Regardless of timing, leaving the EU without a deal would automatically lead to a changed reality as the UK adapted overnight to being a third country. This is apparent from the full list of these EU measures - much of which are aimed at recognising the UK as a third country.

The UK would no longer be in the Customs Union (i.e. a free trade area with common export duties with third countries). This means that UK exports would have EU external tariffs imposed on it. For certain products, this may mean that they would no longer be competitive. The UK would be free to impose its own tariffs on imported goods. Some commentators have said the UK could set these at zero - but under the WTO non discrimination rules, this would have to apply to all imports. Third countries would have little incentive to negotiate a free trade agreement with the UK, as the UK had already granted them tariff free trade. This is possibly one of the reasons that Canada is currently reluctant to agree to a "roll-over" of the EU-Canada Free Trade Agreement (CETA).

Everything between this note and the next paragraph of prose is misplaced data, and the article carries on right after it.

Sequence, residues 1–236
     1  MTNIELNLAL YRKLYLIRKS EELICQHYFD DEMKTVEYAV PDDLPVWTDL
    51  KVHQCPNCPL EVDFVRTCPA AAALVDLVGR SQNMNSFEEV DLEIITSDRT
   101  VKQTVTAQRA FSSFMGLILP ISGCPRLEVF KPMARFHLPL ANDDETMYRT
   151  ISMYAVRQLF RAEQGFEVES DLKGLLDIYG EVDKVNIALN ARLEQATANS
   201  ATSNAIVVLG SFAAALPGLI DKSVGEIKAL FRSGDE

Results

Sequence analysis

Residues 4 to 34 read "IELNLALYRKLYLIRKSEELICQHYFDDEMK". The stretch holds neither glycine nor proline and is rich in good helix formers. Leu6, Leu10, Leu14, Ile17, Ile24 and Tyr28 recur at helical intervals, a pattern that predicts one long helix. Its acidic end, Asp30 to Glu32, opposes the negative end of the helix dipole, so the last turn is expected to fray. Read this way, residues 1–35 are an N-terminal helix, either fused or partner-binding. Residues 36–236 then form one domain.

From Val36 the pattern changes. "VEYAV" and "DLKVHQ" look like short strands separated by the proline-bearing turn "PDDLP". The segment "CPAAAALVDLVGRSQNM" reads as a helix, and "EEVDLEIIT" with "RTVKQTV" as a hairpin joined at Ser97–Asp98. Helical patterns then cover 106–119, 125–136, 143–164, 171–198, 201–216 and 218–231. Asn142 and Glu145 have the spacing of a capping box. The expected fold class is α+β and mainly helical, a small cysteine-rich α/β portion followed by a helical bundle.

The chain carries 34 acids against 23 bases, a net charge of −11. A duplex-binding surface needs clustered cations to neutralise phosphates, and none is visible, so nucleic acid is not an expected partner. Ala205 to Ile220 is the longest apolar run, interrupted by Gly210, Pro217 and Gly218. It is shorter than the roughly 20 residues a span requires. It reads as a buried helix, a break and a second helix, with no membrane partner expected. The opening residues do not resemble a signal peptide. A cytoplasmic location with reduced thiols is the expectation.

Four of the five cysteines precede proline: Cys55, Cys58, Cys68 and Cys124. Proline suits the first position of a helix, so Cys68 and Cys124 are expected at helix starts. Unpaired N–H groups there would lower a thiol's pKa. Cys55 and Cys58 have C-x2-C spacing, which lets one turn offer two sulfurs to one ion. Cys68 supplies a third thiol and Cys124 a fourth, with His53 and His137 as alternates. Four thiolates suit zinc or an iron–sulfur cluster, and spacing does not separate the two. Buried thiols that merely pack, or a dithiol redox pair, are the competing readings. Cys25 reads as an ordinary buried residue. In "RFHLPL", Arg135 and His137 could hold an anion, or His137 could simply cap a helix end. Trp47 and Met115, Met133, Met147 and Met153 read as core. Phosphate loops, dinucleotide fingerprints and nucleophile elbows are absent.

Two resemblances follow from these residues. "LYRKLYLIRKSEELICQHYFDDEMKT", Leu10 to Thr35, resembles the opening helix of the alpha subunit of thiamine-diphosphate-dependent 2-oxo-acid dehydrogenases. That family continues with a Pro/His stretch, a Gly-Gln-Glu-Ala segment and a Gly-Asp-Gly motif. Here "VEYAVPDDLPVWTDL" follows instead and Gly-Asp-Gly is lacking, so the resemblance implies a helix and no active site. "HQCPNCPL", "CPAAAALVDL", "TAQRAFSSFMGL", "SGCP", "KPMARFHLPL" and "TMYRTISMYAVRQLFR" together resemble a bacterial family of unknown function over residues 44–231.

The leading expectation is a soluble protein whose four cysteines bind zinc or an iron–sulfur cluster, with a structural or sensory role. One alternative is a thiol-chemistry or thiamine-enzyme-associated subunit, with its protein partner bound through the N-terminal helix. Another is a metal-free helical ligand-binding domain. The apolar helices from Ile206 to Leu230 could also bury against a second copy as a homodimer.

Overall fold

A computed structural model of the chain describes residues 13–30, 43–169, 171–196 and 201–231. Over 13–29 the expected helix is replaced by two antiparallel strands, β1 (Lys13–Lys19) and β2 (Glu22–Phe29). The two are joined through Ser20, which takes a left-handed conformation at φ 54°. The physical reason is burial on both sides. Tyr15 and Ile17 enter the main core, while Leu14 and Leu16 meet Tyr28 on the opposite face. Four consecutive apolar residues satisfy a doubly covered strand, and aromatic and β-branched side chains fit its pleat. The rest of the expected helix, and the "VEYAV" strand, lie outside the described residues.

As the UK would no longer be a member of the single (or internal) market (i.e. free movement of goods, services, people and capital), the goods it produces will require fresh authorisation and certification. In certain markets, those manufacturers that have not already done so may find it necessary to relocate in the EU. The rights of UK citizens living in the EU, and EU citizens living in the UK would be unclear, absent domestic legislation. They are likely at least to have to register as residents in the state in question.

It would mean leaving many EU institutions like the European Court of Justice and Europol.

The UK would cease to be a member of a host of other EU agencies, which administer EU rules and policies in a variety of sectors such as the European Medicines Agency, the European Chemicals Agency and the European Aviation Safety Agency. Furthermore, while the UK would no longer contribute £9 billion annually to the EU budget, as it would no longer be an EU Member State, it would not be eligible for any EU subsidies, such as the Common Agricultural Policy, which gives £3 billion per annum to British farmers.